ONLINE EXCLUSIVE: Road Laws – Part One

ONLINE EXCLUSIVE: Road Laws – Part One

As drivers, we need a clear understanding of UK road laws — but just how much do you know? Van retailer Van Monster has created the following article to breakdown some of the most essential UK road laws, providing you with a greater understanding of each.

The law
Rule 148: Drivers in England and Wales must not smoke or allow anyone to smoke when in an enclosed private vehicle should someone under 18 be on board.

Potential consequences of breaking the law
A £50 fine.

How well is the law being enforced?
Only three out of forty-two police forces in England and Wales responded to a Freedom of Information request made by the BBC. The findings included:

  • Dyfed-Powys Police revealed they had issued four verbal warnings.
  • Metropolitan Police revealed they had issued two verbal warnings.
  • Devon & Cornwall Police revealed they had issued one verbal warning.

A Freedom of Information request was released on the 29th of June and showed that out of the 42 police forces, none of them gave out fines.

 

The law
Rule 90: Any health condition likely to affect your driving must be reported to the Driver and Vehicle Licensing Agency (DVLA).

If you break the law
You will receive a £1,000 fine and could even face prosecution.

How well is the law being enforced?
Three out of ten motorists who are over the age of 65 have medical conditions like epilepsy and heart problems, according to research that was carried out by Direct Line Car Insurance. However, almost half have failed to update the DVLA on these conditions.

However, one in ten have failed to keep the DVLA up to date about their ‘notifiable conditions’.

 

The law
Rule 92: Those required to wear either glasses or contact lenses in order to read a vehicle number plate, in good daylight, from a distance of 20 metres (or 20.5 metres when an old style number plate is used) must wear them whenever they are driving.

Potential consequences of breaking the law
Three penalty points or disqualification may be given, as well as a £1000 fine.

How well is the law being enforced?
1,000 people that wear glasses were surveyed by One Poll. One in eight admitted that they’ve been behind the wheel without their glasses on when they’re supposed to wear them.

 

The law
Rule 95: Those in England and Wales must not drive if they:

  1. Have a breath alcohol level higher than 35 microgrammes/100 millilitres of breath, or
  2. Have a blood alcohol level of more than 80 milligrammes/100 millitres of blood.

Potential consequences of breaking the law
Penalties for drinking could result in:

  • If you are found to be in charge of a vehicle while above the legal limit or unfit through drink, you may receive:
  • 3 months’ imprisonment.
  • A fine of up to £2,500.
  • A possible driving ban.
  • If you are found to be driving or attempting to drive while above the legal limit or unfit through drink, you may receive:
  • 6 months’ imprisonment.
  • An unlimited fine.
  • A driving ban of at least one year (though this will rise to three years if convicted twice in ten years).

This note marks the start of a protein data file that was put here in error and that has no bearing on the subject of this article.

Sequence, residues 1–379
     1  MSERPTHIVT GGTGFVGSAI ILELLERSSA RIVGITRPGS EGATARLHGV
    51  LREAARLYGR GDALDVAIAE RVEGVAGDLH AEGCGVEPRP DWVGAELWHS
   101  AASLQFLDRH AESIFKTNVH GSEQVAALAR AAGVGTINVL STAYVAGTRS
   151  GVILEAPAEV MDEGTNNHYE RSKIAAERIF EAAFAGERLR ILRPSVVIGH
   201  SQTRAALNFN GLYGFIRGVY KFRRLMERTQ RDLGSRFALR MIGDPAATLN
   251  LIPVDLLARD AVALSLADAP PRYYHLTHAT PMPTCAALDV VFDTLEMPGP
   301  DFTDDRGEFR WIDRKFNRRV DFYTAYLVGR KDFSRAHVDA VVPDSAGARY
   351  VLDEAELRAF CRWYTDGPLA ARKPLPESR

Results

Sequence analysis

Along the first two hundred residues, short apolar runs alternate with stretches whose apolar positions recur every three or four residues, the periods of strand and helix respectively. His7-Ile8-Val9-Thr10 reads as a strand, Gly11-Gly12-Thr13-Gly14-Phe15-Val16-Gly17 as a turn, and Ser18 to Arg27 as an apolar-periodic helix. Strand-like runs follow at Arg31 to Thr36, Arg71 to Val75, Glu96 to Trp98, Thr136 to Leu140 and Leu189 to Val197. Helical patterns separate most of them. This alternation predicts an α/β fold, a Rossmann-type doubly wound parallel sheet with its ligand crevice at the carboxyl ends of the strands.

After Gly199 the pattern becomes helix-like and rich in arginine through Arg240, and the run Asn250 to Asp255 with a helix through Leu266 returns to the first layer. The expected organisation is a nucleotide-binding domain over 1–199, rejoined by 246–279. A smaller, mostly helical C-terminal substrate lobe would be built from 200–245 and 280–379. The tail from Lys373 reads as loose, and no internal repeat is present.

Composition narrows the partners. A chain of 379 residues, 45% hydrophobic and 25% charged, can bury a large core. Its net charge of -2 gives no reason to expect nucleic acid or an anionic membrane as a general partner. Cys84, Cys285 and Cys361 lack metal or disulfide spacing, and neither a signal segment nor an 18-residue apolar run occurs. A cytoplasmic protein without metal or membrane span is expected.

• If you refuse to provide a specimen of breath, blood or urine to be analysed, you may receive:
  • 6 months’ imprisonment.
  • An unlimited fine.
  • A driving ban of at least one year.
  • If you cause death by careless driving and found to be under the influence of drink, you may receive:
  • 14 years’ imprisonment.
  • An unlimited fine.
  • A driving ban of at least two years.
  • The requirement to undertake an extended driving test before your driver’s licence can be returned.

How well is the law being enforced?
The Royal Society for the Prevention of Accidents released the Road Safety Information report in July 2015. It revealed:

  • 683,651 roadside breath tests were carried out by England and Wales police forces in 2013.
  • 12 per cent of drivers or riders tested (71,675 of the 683,651) either failed or refused to take the test.

 

The law
Rule 96: It is against the law to drive while under the influence of drugs or medicine. In regards to medicine, drivers should consult with their doctor about whether they should drive when prescribed to any of the following drugs:

  • Amphetamine (including Dexamphetamine or Selegiline)
  • Clonazepam
  • Diazepam
  • Flunitrazepam
  • Lorazepam
  • Methadone
  • Morphine or Opiate and Opioid-based drugs (including Codeine, Tramadol and Fentanyl)
  • Oxazepam
  • Temazepam

Potential consequences of breaking the law

  • A driving ban that will last for at least one year.
  • An unlimited fine.
  • Up to six months in prison.
  • A criminal record
  • A conviction for drug driving appearing on your driving licence for 11 years.

How well is the law being enforced?
More than 400 drug drivers were arrested by England and Wales police forces each month between March and May 2015 a Freedom of Information request revealed.

They also found out that:

  • The Metropolitan Police made 214 arrests in the period covering March 2nd to May 11th — the highest number of drug-driving arrests recorded in the statistics.
  • Northumbria Police made 97 arrests.
  • Police forces in Cheshire made 70 arrests.
  • Police forces in Sussex made 58 arrests.
  • Police forces in South Yorkshire made 55 arrests.

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